A neurologist attempts the hopeless task of distinguishing between skeptics and deniers. (Anyone who believes their lyin’ eyes instead of an approved tale is bound to be a denier in some circles.) Along the way, he takes on evolution (of course). But instead of telling us that all evolutionary biologists approve the Modern Synthesis (updated Darwinism), he says something interesting:
For example, let’s take evolutionary theory. There is almost unanimous consensus (>98%) among experts that evolution happened, that all living things on Earth are related through a nestled hierarchy of common descent. Further, the evidence for that conclusion is overwhelming and cannot be reasonably denied. Further still, there is no alternative scientific hypothesis that can account for that mountain of evidence (note the word “scientific” in that sentence). But the same is not true of all aspects of evolutionary theory. That natural selection is a main driving force of evolutionary change is also well established, but there is still legitimate debate about the role and magnitude of other factors, such as genetic drift. When we drill down to details about which species evolved into which other species and when, drawing a precise tree of evolutionary relationships, then there is considerable debate and much that is unknown.Steven Novella, “Skeptic vs. Denier” at Neurologica Blog
Well, that’s putting it mildly for sure. That is probably as much of the mess as Novella can acknowledge. But he doesn’t even mention Darwinism, much less demand assent.
If we are going to talk about “considerable debate” and “much that is unknown,” let’s consider the way underlying Darwinian fundamentalism skews discussion. We’ve touched on a few such issues recently. To name just two:
A large proportion of the life forms that have ever existed is extinct. Yet, by way of explaining odd discoveries, like cannibalism of nestlings, researchers will tell us that it is somehow “adaptive.” Some have even worked out a mathematical formula for how that is so.
Maybe. The overwhelming presumption of explicitly Darwinian mechanisms prevents us from considering: Maybe it’s not adaptive. Maybe in 50k years, this species will be extirpated from this region and at some point, nest cannibalism will be the tipping point.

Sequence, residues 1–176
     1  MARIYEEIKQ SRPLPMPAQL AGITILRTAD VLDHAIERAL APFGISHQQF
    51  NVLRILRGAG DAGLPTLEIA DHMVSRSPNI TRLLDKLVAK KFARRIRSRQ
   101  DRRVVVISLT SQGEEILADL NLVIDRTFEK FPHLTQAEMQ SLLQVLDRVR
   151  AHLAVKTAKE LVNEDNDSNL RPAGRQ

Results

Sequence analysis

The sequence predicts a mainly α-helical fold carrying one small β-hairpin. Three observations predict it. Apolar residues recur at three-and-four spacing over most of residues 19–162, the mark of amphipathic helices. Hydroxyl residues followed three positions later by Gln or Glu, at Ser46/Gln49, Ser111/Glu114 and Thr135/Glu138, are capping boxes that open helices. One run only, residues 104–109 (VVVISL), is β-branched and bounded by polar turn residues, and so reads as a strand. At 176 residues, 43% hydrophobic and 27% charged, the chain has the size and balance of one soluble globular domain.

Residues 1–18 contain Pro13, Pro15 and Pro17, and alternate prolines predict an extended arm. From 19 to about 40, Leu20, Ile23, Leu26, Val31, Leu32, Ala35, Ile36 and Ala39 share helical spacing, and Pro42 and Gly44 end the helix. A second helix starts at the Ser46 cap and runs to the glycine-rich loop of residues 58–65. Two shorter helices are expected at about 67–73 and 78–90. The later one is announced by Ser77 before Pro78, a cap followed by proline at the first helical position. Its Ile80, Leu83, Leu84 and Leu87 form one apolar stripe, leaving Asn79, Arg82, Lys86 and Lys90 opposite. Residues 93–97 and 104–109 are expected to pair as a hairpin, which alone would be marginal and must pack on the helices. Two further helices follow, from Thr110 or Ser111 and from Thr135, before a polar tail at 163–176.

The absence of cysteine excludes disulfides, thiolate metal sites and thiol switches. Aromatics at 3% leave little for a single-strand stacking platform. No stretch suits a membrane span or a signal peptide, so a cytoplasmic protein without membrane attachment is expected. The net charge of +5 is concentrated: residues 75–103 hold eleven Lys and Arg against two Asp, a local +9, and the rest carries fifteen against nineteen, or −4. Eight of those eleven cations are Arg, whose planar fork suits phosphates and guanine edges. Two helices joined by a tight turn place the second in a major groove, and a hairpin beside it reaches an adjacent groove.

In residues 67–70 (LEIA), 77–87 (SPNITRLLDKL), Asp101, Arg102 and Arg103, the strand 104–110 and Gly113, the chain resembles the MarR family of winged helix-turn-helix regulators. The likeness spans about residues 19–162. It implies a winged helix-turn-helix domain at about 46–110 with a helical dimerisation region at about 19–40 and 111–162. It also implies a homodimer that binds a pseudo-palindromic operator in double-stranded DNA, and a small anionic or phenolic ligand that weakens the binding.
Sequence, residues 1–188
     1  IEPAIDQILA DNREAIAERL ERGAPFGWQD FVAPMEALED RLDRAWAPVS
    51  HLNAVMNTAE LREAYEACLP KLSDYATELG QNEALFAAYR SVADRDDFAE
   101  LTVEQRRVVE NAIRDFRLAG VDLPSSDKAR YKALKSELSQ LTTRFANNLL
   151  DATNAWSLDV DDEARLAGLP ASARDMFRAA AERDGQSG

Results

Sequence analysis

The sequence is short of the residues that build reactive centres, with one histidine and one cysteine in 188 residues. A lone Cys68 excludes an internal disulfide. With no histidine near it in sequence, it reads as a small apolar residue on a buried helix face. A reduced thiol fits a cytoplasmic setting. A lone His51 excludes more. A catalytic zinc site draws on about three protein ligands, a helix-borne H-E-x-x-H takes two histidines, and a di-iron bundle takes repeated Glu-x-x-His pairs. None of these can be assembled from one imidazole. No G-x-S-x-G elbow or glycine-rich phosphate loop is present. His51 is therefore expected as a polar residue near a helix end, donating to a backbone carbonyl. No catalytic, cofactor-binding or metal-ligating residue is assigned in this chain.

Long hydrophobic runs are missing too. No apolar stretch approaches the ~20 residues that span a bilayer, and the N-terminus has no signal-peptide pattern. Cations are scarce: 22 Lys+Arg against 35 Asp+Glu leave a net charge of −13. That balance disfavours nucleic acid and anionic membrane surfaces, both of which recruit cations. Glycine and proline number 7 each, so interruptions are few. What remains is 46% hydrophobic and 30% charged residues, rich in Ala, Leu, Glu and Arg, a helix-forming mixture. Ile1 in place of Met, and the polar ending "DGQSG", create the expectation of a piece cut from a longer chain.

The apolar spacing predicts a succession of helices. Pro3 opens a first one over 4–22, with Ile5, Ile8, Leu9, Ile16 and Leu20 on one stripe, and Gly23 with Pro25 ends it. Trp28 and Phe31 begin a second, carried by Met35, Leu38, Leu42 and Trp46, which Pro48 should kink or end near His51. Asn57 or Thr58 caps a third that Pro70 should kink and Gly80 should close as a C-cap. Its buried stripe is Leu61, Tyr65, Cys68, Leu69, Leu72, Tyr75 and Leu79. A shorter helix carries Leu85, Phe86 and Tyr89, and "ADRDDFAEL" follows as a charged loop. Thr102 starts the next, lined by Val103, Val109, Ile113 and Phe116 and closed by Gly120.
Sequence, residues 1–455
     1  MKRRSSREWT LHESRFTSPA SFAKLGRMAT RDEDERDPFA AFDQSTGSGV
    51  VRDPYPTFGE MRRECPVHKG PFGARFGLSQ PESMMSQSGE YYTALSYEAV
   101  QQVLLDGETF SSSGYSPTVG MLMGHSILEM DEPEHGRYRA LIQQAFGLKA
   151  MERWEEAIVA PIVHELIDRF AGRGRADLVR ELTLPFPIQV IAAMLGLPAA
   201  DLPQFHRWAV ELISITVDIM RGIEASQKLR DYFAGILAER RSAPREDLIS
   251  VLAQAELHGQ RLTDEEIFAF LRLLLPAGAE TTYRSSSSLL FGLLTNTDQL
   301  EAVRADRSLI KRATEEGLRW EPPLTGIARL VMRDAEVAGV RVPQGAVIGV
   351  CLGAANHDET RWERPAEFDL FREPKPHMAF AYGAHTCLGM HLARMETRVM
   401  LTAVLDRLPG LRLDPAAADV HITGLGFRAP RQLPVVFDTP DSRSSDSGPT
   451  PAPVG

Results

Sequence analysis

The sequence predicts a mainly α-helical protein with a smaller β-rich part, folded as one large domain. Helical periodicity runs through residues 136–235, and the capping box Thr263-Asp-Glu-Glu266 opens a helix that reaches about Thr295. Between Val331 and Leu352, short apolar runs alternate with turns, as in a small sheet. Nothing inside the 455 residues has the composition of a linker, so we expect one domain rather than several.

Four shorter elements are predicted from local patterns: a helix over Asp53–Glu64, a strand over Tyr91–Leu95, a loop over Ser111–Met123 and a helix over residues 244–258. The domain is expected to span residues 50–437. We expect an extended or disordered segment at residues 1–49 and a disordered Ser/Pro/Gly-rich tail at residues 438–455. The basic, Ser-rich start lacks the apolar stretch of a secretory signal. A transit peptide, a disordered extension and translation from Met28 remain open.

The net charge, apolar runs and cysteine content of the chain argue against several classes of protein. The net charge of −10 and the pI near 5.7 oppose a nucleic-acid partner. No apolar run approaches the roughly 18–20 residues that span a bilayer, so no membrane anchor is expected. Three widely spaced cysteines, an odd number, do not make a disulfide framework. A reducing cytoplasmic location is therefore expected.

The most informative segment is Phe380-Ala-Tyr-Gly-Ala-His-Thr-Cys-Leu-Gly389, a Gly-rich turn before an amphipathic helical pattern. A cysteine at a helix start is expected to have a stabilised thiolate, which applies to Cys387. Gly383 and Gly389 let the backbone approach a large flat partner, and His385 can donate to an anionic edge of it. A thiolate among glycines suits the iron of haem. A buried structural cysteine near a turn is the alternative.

Do we know? No, we don’t. But we do know that extinction happens. And seeing every strange behavior as adaptive is a blip in thinking produced by default Darwinian assumptions. Agnosticism on the subject of nest cannibalism would be wiser until more is known.
Then there is the weird habit of attributing impossible thought processes to animals who are supposedly thinking in Darwinian terms about how to ensure the survival of their selfish genes. For example, the mares who supposedly cause an abortion because they perceive that the stallion will not accept another stallion’s offspring. The mare presumably knows all this and can act on it—even though she cannot otherwise perform the simplest reasoning tasks.
And there’s the Darwinbird of pop science who “is optimising the likelihood of her offspring mating and rearing young (so ensuring the continuation of her genes into future generations)” by controlling the sex of her offspring: “There is some evidence she can bias the sex ratio by controlling hormones, particularly progesterone.”
So we are really to believe that a bird who is too stupid to evade a giant wind turbine is planning her offspring’s future? Does “science-based thinking” really require that of us?
Maybe if all the Darwin noise dies down, we will have a clearer idea of how the ecology — in which any evolution must occur — actually works.
See also: Birds Are Found To Plan Like Humans For Their Offsprings’ Future
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